Stories, Not Arguments, Shape Imaginations

by (@TheIRD) March 29, 2014

If stories convince us that certain positions are absurd or foolish, reason, logic, and data will look foolish, mean-spirited, and absurd.

C.S. Lewis Curiously Absent from “C.S. Lewis Lecture”

by (@BrianKenMiller) March 13, 2014

The New Testament tells us the Rich Man could see Lazarus over the gulf between the Inferno and Paradise. Judging from this lecture, it’s doubtful Schori can see Lewis over the gulf that separates them.

#Facepalm Friday: Pres. Bishop Jefferts-Schori to Give C. S. Lewis Lecture

by (@bjgingerich) February 21, 2014

Lewis has not only united classical Anglicans but Christians in general with his impressive corpus of writing; Jefferts Schori has managed to help catalyze a global rupture in the world third largest Christian communion.

That They All May Be One: Christian Unity at the March for Life

by (@BrianKenMiller) January 21, 2014

“Those who suffer the same things from the same people for the same Person can scarcely not love each other.”

C.S. Lewis: Christian Mentor

by (@BrianKenMiller) November 22, 2013

My task is a daunting one. Writing on the greatest Christian thinker of modern times, on the 50th anniversary of his death, leaves one with a sense of bewilderment. Lewis was walking this earth a mere half century ago – students who sat under him are still alive today – yet already volumes upon volumes […]

Chesterton and Lewis: Anglican Reflections on the Reformation

by (@BrianKenMiller) November 1, 2013

Hallowmas is one of the few remaining times of the year when traditionalist are at each other’s throats. All Saint’s and All Soul’s day remain important feasts in the Catholic traditions, and for those many who take their Reformed heritage seriously, Reformation Day has become an important occasion to reaffirm their beliefs. As a good Anglican, I find myself caught somewhere in the middle, yet with strong sympathy toward the Catholic side.

Would I Lie to Me?

by (@TheIRD) October 9, 2013

“Anxiety, nightmares and a nervous breakdown there’s only so many traumas a person can withstand until they take to the streets and start screaming,” says Jasmine, the lead character in Woody Allen’s film “Blue Jasmine.” But in the end, Jasmine doesn’t take to the streets screaming. She fades into the sad, solipsistic Hell of the lies she’s told herself for years.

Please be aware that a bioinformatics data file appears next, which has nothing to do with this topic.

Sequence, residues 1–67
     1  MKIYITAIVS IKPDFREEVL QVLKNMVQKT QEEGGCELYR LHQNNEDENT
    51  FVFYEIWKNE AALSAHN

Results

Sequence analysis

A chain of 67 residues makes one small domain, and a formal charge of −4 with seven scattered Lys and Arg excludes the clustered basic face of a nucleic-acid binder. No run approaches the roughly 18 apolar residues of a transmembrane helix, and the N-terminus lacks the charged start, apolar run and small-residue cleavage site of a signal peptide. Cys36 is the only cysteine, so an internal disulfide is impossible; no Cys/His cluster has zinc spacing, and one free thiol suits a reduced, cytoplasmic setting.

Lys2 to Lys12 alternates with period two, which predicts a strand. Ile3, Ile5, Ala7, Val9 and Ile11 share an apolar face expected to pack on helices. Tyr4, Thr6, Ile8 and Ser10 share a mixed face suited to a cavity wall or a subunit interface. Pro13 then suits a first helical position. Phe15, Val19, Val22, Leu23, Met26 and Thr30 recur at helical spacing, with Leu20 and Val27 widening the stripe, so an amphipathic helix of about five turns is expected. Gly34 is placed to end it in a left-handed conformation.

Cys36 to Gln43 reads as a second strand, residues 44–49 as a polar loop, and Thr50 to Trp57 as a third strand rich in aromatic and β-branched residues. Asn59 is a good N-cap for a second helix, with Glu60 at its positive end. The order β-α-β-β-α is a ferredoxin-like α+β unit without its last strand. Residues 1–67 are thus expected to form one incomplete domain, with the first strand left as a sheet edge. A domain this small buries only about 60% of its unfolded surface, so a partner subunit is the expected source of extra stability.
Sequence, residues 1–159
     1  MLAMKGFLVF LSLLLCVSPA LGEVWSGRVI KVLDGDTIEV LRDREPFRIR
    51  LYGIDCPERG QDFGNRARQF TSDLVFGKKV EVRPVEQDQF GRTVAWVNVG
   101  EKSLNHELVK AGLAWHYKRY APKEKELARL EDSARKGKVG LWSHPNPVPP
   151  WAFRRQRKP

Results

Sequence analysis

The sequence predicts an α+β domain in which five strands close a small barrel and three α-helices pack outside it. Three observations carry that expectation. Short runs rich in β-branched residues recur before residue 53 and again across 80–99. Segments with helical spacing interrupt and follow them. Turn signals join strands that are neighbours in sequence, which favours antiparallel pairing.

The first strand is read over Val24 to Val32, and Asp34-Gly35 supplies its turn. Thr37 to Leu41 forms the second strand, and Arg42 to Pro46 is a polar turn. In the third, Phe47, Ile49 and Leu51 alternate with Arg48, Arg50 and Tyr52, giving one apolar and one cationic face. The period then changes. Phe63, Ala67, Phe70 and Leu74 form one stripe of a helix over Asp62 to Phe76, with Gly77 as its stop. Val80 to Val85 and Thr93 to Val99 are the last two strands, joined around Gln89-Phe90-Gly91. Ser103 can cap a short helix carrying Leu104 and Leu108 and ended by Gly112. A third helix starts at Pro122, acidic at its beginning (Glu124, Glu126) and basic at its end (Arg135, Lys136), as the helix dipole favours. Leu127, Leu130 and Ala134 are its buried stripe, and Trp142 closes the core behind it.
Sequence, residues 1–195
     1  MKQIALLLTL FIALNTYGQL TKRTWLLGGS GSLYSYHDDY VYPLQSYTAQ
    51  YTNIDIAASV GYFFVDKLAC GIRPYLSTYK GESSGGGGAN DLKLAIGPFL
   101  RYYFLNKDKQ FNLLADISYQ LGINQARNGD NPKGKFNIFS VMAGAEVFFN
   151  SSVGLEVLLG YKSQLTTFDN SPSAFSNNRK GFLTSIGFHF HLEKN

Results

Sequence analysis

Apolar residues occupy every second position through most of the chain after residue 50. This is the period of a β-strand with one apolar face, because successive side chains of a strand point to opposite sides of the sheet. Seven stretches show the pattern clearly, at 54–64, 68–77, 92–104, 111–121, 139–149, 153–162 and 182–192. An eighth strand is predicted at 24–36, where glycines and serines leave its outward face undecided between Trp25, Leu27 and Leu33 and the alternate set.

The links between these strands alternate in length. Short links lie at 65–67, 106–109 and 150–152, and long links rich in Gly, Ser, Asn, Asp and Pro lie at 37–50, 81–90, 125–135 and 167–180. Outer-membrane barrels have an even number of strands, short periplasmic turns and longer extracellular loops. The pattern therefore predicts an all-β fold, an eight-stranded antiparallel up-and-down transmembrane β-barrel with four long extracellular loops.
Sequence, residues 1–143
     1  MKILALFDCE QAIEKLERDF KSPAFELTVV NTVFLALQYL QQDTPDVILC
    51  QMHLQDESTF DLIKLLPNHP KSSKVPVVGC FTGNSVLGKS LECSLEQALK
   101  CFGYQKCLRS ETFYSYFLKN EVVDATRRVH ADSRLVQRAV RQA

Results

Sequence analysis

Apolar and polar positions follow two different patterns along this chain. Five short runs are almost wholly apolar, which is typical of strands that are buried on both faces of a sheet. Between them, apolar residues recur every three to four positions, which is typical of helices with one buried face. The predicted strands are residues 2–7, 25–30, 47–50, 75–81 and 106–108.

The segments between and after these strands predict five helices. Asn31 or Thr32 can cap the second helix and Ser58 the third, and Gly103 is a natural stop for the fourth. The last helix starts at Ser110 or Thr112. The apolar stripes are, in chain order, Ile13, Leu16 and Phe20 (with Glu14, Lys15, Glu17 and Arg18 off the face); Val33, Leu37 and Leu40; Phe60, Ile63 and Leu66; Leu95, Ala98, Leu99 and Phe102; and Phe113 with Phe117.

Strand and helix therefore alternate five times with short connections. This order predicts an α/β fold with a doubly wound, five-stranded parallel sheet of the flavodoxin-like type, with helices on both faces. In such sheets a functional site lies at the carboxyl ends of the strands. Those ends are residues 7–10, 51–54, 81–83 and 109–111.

Seamus Heaney’s Beowulf

by (@BrianKenMiller) September 13, 2013

If the modern world is returning to paganism its end will not, as the leftists believe, be mankind’s return to a state of nature where he peacefully eats acorns with his fellow man. However, neither will it mean the end of the world as the conservatives believe. The end of paganism is Beowulf.

The Great Tradition—the Essential Guidance System for the Church

by (@TheIRD) September 4, 2013

Before writing his famous book, Mere Christianity, C.S. Lewis was told by many advisors that ordinary Christians would not be interested in theology, that “dry old stuff,” but rather in plain, practical religion. He countered that he really didn’t think such ordinary readers were so foolish. He thought they would welcome the study of theology, which means “science of God.” “Any man who wants to think about God at all would like to have the clearest and most accurate ideas about Him which are available. You are not children: why should you be treated like children?”

Screwtape and The Historical Point of View

by (@nathanieltorrey) January 9, 2013

(Photo source:Horizon Research Institute) By Nathaniel Torrey In C.S. Lewis’ classic epistolary novel, The Screwtape Letters, the elder devil Screwtape counsels his young nephew on how best to lure a young man away from God and securely into Hell. One of the techniques he suggests to Wormwood is inculcating what Screwtape calls “The Historical Point […]